Tata Group firms seeking $2.5b in syndicated loans
India's biggest conglomerate is asking loan bankers for almost as much money as global fund managers have pulled from the nation's stock and bond markets this year. Tata Communications Ltd, Tata Motors Ltd, Tata Power Co. Ltd and Tata Steel Ltd are seeking to borrow a combined total of about $2.5 billion in syndicated loans. That compares with the $2.7 billion that foreigners have pulled from the nation's equity and bond markets this year amid an emerging market rout.
Indian firms are looking to syndicated bankers for relief as offshore note sales fell to a six-year low so far in 2016, the rupee suffered the second-biggest loss in Asia and the Sensex stock index slumped 12%. Reliance Industries Ltd is among a pipeline of companies seeking about $6.5 billion in dollar loans after costs plunged to an eight-year low. Borrowers can point to an economy growing at 7% annually, the highest among major emerging economies, and a central bank stockpiling foreign reserves.
"With China slowing down, Brazil shrinking and Europe stagnant, choosing India is like picking the best among the weakest," said Sudarshan Shreenivas, director for corporate ratings at India Ratings and Research. "Growth is still visible." Lenders aren't spoiled for choice. China's economy is growing at the weakest pace in 25 years, Russia is reeling from the oil price slump and Brazil's sovereign rating was cut to junk this week by Moody's Investors Service amid the nation's worst recession in a century.
The Tata borrowings will be most by the group companies at the start of any year if successful, according to data compiled by Bloomberg. They're part of group chairman Cyrus Mistry's mission to reduce the debt burden across his $109 billion coffee-to-cars conglomerate by either selling assets or refinancing debt at cheaper rates.
Tata Power this week mandated seven banks for a $460 million loan offering 195 basis points over the London interbank offered rate (Libor), people familiar with the matter said. The deal will refinance a bridge facility costing 225 basis points. Tata Steel began marketing a $1.5 billion facility to lenders last month, while Tata Communications and Tata Motors have loans of $250 million each in syndication.
Tata Power declined to comment beyond exchange filings while e-mails to the other three Tata companies went unanswered. Other borrowers marketing loans include refiner Hindustan Petroleum Corp. Ltd, ONGC Videsh Ltd, the overseas unit of the nation's biggest explorer Oil and Natural Gas Corp., and Reliance, owned by India's richest man Mukesh Ambani. "Foreign banks are showing an increasing interest in Indian loan syndication markets, especially the Taiwanese and Japanese names," said Sidharth Rath, Mumbai-based president for treasury, corporate and transaction banking at Axis Bank Ltd. "The market inspires confidence for better- known Indian companies and so margins are more favourable to them."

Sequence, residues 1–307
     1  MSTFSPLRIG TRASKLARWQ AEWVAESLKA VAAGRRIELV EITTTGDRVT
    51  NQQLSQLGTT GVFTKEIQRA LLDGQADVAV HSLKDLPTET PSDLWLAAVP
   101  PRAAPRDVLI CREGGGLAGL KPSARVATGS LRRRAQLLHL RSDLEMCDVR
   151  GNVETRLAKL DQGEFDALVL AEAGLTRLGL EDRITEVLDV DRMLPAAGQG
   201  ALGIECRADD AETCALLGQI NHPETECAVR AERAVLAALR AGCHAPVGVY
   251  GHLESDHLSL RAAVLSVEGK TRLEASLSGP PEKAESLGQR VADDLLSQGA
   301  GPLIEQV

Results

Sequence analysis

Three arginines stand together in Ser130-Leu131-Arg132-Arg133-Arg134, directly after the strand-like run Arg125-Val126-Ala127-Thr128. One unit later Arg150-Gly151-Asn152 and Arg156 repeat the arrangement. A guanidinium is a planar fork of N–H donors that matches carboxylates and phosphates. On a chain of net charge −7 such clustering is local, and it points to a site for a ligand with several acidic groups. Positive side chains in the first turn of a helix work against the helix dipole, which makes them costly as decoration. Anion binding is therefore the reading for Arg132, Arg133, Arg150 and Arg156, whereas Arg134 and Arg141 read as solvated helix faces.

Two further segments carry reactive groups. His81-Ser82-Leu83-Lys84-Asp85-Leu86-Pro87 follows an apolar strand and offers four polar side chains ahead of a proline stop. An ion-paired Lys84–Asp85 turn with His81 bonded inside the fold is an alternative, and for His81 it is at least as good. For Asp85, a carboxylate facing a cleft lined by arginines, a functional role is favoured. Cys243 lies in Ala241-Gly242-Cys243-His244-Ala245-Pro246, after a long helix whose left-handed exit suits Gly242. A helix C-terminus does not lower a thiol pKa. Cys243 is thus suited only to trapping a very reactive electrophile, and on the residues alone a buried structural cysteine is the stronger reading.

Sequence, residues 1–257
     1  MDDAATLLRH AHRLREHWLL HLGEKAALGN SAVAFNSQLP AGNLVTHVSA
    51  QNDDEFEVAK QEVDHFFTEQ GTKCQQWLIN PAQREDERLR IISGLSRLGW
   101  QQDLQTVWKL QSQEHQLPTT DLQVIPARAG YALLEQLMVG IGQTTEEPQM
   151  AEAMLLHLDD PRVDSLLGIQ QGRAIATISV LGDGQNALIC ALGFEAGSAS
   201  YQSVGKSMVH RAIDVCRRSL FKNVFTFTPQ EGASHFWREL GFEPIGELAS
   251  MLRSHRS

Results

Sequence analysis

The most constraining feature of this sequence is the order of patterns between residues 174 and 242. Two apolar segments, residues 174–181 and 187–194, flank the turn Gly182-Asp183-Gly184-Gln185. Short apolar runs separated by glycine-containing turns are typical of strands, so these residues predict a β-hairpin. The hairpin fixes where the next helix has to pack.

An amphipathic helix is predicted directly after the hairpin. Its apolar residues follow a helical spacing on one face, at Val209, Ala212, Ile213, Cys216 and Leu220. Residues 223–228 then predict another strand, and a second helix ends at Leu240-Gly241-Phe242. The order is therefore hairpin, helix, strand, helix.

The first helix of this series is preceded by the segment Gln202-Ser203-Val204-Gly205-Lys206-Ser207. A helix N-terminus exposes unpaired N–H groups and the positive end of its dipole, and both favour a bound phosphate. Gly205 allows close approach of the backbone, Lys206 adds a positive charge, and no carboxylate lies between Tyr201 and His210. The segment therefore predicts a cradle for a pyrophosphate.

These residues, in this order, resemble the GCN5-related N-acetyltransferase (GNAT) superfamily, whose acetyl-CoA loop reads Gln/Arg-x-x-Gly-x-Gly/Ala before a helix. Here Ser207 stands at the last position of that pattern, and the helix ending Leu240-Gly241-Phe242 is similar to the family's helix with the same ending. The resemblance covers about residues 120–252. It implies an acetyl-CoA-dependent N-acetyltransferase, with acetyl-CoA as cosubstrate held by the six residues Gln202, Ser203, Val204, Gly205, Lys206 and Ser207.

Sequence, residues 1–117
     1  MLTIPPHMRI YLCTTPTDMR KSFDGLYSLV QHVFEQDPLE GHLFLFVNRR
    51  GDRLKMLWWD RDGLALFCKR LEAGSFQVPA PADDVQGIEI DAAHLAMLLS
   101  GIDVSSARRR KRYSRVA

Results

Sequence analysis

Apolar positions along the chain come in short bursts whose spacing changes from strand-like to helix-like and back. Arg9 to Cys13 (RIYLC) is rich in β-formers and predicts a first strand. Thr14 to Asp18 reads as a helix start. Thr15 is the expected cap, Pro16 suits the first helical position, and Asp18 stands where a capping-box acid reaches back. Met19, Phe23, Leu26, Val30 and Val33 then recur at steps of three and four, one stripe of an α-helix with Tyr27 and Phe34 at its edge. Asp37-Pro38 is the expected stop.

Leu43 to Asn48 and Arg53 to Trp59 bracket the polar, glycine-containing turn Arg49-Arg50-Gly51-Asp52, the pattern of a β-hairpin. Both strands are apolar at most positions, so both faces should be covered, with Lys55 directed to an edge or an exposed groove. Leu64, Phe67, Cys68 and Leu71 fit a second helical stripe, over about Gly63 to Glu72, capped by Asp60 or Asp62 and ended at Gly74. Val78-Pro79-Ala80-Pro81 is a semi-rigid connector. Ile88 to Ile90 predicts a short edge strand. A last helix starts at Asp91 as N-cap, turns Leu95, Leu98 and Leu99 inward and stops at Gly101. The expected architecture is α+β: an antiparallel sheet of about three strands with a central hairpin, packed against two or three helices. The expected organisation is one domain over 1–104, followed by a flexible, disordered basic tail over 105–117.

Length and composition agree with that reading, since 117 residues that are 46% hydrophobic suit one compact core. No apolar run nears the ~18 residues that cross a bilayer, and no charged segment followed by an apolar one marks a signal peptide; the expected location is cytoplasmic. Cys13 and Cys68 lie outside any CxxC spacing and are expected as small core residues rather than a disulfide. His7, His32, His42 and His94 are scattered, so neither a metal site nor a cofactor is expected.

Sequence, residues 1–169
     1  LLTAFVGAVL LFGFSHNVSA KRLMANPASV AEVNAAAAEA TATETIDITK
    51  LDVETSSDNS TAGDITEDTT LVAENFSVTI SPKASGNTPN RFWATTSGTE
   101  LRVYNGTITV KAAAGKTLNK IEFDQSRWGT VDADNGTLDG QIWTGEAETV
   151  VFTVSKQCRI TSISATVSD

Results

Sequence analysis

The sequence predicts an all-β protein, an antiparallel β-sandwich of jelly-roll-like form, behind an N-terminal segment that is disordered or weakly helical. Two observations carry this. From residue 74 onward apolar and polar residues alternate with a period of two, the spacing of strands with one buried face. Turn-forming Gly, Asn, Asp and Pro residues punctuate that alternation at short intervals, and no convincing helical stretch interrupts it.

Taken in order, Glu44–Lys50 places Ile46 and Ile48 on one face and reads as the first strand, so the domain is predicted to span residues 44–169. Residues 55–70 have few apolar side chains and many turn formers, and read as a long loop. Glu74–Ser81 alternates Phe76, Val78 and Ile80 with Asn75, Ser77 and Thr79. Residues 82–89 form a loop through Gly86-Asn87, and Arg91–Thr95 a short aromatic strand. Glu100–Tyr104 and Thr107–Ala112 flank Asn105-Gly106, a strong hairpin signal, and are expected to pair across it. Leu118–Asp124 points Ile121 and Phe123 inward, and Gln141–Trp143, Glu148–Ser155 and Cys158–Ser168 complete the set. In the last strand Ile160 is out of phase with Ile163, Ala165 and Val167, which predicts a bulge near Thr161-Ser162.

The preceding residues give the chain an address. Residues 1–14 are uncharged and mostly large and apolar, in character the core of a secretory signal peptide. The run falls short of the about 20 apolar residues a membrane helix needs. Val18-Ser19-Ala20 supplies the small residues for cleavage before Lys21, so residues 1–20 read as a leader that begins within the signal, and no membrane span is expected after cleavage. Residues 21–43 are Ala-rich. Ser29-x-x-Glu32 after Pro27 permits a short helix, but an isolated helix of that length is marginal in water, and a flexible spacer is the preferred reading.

The central bank may also provide some comfort. Reserve Bank of India ( RBI) governor Raghuram Rajan is rebuilding foreign reserves to fight a slide in the rupee and high inflation. The currency stockpile rose $4.3 billion in the three weeks through 12 February, the longest run since October, as the rupee flirted with touching a record low this month.
Indian borrowers refinanced a record $11.4 billion of overseas borrowings last year, spurred by average margins on dollar loans falling to 187 basis points more than Libor, the lowest since 2007, according to data compiled by Bloomberg. Tata companies also took advantage of the cheap financing to raise more than $1 billion of loans last year. That followed almost $2.9 billion of facilities in 2014, the most in a full year for the conglomerate, according to Bloomberg-compiled data.
"The group overall still enjoys a very good reputation versus its Indian peers," said Pierre Faddoul, head of credit research at Tokio Marine Asset Management International in Singapore. "I don't necessarily think the fundamental picture or outlook for India has changed much over the past few months."